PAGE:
"gripping and hugely entertaining... difficult to put down."
- New Scientist
Even read by Werner Voguls (Amazon CTO)
... and why you can't "brute force" the answers using the them.
Each solution is a 32x32 bit image, in other words 1024 bits.
There are therefore 2^1024 possible images.
The checksums perform an "exclusive OR" operation with each 32-bit row of the correct image, producing a 32-bit number, where each bit is essentially the parity of the bits in that column*.
For every checksum, there are 2^(1024 - 32) images that will match. That's about 4 x 10^298. This is an unbelievably large number†.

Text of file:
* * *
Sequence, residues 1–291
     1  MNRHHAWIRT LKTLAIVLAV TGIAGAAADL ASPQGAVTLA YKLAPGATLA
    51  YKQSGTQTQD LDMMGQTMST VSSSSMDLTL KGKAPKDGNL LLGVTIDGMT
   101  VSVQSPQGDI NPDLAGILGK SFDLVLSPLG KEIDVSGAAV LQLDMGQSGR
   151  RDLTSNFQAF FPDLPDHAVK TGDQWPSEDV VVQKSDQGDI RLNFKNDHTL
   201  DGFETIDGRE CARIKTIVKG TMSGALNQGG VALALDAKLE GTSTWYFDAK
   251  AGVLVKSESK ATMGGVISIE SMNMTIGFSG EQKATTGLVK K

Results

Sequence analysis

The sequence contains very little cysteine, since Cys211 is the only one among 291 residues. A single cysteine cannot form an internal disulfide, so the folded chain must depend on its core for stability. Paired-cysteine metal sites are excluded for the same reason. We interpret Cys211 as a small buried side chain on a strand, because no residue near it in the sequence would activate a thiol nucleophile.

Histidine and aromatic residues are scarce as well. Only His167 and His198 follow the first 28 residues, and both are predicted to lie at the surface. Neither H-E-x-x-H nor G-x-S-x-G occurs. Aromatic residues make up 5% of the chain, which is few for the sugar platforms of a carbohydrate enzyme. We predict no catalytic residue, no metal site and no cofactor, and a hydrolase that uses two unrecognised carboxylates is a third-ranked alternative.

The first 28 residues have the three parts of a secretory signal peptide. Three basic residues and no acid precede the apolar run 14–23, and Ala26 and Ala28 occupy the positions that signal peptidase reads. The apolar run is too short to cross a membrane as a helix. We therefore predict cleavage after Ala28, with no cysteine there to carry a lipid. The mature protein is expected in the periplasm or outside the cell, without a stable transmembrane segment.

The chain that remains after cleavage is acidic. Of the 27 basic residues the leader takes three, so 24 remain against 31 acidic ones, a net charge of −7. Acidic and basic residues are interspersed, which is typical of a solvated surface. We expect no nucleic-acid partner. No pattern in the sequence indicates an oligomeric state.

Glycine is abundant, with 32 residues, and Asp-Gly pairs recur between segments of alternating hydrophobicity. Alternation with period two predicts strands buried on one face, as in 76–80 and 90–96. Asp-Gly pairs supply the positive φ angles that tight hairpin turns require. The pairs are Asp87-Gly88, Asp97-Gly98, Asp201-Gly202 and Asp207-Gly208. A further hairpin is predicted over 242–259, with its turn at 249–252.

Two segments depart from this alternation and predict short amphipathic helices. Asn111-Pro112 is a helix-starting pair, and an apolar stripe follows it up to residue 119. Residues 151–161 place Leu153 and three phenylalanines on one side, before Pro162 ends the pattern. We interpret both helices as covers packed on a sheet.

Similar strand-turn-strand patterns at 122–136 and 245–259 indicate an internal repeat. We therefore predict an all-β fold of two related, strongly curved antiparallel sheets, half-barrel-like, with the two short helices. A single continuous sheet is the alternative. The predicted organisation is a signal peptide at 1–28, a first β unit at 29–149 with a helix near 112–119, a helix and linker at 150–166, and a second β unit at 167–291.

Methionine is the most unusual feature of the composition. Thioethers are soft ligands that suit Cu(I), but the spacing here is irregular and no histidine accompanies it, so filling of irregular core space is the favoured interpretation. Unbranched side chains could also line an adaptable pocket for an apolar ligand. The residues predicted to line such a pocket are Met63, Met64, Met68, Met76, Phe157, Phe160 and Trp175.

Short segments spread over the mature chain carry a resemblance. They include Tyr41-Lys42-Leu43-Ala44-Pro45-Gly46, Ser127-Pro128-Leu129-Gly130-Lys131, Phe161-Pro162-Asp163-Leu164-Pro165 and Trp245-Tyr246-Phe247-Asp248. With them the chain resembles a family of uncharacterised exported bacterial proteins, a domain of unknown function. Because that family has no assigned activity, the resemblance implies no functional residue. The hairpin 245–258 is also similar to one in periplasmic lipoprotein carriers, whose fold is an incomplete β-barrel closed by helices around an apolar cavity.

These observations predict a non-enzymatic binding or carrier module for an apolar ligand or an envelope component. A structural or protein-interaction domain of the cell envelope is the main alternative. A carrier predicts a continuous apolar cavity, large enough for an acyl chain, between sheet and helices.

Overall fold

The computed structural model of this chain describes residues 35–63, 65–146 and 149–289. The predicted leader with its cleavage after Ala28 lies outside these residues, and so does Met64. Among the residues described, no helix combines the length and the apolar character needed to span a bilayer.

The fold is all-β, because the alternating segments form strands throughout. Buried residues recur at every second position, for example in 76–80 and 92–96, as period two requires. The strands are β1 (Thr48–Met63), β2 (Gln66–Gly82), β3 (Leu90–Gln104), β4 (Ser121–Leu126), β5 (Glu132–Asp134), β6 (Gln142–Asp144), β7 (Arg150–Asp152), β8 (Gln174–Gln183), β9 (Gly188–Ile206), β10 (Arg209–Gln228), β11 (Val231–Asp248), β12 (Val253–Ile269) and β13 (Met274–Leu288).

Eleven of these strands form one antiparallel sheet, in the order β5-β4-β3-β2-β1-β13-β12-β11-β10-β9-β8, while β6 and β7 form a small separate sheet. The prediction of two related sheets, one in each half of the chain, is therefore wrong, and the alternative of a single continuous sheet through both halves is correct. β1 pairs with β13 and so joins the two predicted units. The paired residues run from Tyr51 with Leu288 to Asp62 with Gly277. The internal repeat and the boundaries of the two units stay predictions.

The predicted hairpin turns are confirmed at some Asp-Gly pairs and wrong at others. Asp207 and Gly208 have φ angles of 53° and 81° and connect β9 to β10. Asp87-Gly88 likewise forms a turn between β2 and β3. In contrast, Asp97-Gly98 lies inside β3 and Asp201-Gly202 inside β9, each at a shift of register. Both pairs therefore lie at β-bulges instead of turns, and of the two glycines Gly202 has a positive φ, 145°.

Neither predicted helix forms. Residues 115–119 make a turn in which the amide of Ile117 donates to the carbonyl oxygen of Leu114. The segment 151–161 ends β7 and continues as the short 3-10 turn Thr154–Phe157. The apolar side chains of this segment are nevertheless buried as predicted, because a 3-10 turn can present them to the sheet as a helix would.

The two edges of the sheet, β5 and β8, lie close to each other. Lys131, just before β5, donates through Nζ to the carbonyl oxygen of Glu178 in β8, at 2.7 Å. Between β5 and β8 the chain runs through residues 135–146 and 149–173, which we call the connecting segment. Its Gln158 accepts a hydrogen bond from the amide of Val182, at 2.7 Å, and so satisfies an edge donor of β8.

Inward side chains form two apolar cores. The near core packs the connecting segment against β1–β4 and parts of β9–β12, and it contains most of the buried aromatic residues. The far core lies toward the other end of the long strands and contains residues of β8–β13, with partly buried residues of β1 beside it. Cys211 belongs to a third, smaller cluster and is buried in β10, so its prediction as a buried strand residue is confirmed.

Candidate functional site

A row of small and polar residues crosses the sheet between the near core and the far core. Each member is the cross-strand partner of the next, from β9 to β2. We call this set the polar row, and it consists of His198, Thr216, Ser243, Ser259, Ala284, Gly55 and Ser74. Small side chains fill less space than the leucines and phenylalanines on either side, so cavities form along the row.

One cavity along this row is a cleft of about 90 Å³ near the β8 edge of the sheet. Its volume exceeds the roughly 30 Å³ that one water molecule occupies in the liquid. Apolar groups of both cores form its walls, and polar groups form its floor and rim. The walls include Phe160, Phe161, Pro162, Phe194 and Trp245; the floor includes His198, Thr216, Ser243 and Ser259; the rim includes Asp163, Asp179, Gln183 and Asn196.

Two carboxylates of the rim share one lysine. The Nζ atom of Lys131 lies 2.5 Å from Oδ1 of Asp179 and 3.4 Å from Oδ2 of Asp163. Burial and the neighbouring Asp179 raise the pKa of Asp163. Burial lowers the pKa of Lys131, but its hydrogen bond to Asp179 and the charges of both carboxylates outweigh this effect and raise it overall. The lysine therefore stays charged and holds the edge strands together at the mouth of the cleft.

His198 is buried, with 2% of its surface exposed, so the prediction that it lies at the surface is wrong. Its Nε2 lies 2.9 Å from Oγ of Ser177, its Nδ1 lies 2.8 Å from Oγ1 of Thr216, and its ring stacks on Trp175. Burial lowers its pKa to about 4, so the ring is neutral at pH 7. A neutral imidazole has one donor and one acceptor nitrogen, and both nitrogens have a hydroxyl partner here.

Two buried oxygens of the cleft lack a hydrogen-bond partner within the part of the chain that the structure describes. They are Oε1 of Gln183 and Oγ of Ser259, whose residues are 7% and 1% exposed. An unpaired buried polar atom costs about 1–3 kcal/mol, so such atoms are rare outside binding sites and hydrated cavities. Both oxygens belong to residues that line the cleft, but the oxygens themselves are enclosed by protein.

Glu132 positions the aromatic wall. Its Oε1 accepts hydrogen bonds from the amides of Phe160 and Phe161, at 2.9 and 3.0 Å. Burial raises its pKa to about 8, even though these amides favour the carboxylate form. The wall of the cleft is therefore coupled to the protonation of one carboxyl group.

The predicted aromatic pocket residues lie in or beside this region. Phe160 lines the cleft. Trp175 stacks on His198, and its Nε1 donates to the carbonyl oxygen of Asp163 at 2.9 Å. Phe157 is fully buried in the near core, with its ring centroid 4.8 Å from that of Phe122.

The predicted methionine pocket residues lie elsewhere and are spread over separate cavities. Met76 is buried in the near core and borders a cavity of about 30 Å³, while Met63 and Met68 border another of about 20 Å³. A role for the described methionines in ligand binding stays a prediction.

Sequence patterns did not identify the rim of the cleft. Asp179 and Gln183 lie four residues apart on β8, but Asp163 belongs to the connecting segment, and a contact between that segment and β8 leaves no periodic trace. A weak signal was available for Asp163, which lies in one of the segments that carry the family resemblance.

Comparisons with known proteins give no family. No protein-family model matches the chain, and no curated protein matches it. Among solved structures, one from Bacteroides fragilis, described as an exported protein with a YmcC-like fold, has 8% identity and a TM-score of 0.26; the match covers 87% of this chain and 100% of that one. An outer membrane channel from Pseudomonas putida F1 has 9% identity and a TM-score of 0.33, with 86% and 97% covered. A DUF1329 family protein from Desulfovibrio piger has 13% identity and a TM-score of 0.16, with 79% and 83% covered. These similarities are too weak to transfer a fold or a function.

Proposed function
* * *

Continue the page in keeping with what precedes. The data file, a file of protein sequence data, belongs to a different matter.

Yet for every image, the chance of it having a given checksum is 1 in 4,294,967,296 so the chance of you accidentally coming up with a matching image is very slim. It's therefore a nice way to check your answer.
If the checksum matches and your picture looks right (trust me, you'll know if it does) then you stand a good chance of having the correct solution.
Now stop thinking about cheating and get solving the puzzles properly!
*Actually, each row is bitwise rotated by its row number prior to XORing to mix things up a bit and help prevent trivial false positives, so it's actually the parity of the diagonals.
†For reference, there are only about 10 ^ 80 atoms in the universe.
Even Douglas Adams would have struggled to describe how unbelievably big it is.
© Sencillo Press and Gruff Davies 2010